With the COVID-19 pandemic, U.S. consumer purchase behavior has shifted to more retail and less foodservice, and ground products have been go-to-products for people sheltering in place. In turn, increased demands to meet production needs are challenging processors to keep grinding and stuffing equipment highly operational at top speeds.
For major beef packers stuffing large chubs, such as 10 pounds of either course or fine ground, the challenges at that scale in stuffing relate to equipment function and maintenance because it’s a very automated process, says Jacob Nelson, facilities manager and meat processing specialist at Oklahoma State University’s Robert M. Kerr Food and Agricultural Products Center, in Stillwater. “If the equipment fails, then the whole process fails.”
Additionally, the very nature of grinding beef changes the food safety category of the product, which includes having a Hazardous Analysis Critical Control Point (HACCP) plan that’s driven by regulatory implications, Nelson says.
Hitting consistent net weight and portion controlling at high volume also is required. As such, larger grinding operations also have continuous measurements of the product’s fat content coming out of the grinder, which is a great advantage because processors can have a much better gauge of what’s in the blender, says Edward Mills, associate professor of meat science in the College of Agricultural Sciences at Pennsylvania State University, in University Park. For example, a processor could have a couple of 2,500-pound lines feeding into a 5,000-pound unit downstream. “You’ve got to have a pretty good knowledge of what the fat content is in each of those feeding in in order to keep your equipment at full capacity,” he explains.
Maintaining a consistent lean-to-fat ratio and product color also remains imperative, Nelson says. With regard to consistency, the matter of sourcing the correct raw material that will produce something close to the finished product a processor wants coupled with the art of blending raw materials to get that lean target point are skills that industry has mastered and are quite effective doing, he says.
One of the greatest challenges to overcome in grinding and stuffing is sourcing good qualified labor, which is a challenge across all areas of production. Grinding and stuffing equipment in larger plants nowadays tend to have touch-screen computer controls that are intuitively designed, which is easier for operators to learn, Mills says. In smaller plants, with the industry’s labor shortage, processors are fortunate if they have two operators who know how to disassemble, clean and reassemble, he says.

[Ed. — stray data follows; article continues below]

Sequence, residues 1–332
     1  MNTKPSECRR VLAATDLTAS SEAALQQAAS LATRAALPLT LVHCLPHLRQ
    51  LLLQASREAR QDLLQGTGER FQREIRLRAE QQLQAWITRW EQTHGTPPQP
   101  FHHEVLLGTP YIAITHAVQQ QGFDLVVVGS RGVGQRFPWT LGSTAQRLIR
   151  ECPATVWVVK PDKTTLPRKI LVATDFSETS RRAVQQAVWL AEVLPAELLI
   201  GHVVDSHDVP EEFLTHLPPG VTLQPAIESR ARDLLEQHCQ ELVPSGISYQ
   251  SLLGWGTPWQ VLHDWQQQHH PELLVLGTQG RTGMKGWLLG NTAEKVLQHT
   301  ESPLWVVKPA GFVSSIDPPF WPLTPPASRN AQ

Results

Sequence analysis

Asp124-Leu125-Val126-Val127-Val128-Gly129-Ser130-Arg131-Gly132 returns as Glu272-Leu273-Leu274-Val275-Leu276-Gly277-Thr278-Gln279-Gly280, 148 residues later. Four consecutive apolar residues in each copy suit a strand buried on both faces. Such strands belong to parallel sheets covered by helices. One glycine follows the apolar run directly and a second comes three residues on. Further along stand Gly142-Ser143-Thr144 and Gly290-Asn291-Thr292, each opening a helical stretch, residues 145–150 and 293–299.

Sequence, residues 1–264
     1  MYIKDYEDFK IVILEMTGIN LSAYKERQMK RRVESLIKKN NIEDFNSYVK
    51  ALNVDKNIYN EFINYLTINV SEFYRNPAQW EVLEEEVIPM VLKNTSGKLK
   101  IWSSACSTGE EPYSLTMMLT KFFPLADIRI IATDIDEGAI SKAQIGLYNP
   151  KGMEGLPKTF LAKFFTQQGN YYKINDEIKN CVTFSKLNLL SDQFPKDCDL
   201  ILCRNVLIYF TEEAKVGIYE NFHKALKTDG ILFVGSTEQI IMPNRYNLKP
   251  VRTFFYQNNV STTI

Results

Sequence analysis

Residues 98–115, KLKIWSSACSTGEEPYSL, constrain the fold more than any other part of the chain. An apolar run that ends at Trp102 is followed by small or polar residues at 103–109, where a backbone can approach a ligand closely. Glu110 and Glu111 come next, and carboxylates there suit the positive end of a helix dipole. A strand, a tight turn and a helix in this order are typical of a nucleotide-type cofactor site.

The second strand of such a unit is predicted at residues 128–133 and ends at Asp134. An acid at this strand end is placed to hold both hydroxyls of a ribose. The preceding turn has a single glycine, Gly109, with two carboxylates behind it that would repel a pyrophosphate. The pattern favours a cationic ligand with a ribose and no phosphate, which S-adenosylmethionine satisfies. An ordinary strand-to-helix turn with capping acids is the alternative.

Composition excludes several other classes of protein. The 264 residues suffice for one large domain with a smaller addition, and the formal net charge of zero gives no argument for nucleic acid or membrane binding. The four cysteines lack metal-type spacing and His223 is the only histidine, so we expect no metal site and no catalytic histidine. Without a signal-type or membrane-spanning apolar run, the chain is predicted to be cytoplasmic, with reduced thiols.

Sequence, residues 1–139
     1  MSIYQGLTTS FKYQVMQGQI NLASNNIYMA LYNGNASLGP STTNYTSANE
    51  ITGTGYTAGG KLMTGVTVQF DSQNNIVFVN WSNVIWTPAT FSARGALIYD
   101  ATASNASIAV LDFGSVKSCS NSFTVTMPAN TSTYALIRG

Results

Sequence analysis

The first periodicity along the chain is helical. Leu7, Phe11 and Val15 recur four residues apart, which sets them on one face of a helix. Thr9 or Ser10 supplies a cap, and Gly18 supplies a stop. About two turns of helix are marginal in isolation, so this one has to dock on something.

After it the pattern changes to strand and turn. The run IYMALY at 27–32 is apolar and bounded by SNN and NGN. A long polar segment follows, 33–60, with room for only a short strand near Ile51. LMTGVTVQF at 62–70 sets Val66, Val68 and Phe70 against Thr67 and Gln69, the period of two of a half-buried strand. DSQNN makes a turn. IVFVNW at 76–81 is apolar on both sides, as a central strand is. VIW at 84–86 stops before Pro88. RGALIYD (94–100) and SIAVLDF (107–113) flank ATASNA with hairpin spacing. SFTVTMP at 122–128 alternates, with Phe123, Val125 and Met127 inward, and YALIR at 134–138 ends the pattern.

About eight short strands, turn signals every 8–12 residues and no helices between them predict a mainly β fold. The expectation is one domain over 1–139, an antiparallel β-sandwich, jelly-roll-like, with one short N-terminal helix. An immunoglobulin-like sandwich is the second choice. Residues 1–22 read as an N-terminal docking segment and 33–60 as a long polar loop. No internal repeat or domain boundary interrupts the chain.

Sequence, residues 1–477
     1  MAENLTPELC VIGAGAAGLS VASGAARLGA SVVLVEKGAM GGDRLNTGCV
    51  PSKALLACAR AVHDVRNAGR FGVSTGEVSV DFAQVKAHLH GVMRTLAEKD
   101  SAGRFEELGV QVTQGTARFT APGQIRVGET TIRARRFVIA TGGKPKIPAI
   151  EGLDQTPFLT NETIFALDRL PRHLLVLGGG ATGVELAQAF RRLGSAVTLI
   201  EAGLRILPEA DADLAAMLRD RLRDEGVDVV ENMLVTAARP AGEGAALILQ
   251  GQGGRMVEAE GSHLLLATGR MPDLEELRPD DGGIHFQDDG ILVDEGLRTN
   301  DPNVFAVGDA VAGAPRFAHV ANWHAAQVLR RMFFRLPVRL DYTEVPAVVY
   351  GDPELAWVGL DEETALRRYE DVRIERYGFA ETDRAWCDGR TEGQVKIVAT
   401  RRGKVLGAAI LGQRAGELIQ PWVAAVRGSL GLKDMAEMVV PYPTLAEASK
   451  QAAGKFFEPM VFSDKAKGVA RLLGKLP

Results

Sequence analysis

With continuous improvements in automated grinding and stuffing equipment, equipment manufacturers have made the process easier for portioning quality stuffed product at high speeds, Nelson says. Many of the processes that required multiple pieces of equipment also have been streamlined. For example, to make a patty, equipment such as a grinder, conveyor, former and some type of assembly to collate and stack patties into packs are being integrated into one machine to create efficiency. Additionally, fewer people are needed to operate integrated machinery. Product also is more contained, which aids in food safety because of reduced product handling, Nelson says.
With processors moving product through systems rapidly, upkeep and maintenance is crucial to the business’s success. Skilled and knowledgeable maintenance workers are required to keep these machines running, Nelson says. “Down time is always a dagger that hurts the profitability of a business,” he says.
Therefore, it’s important to maintain the sharpness of the knives that perform the cutting in these grinding systems. It’s also important to keep product cold, which not only affects food safety but product quality and appearance.
“Machinery that can address those challenges will succeed because you put out a better product, and you do it more efficiently,” Nelson says.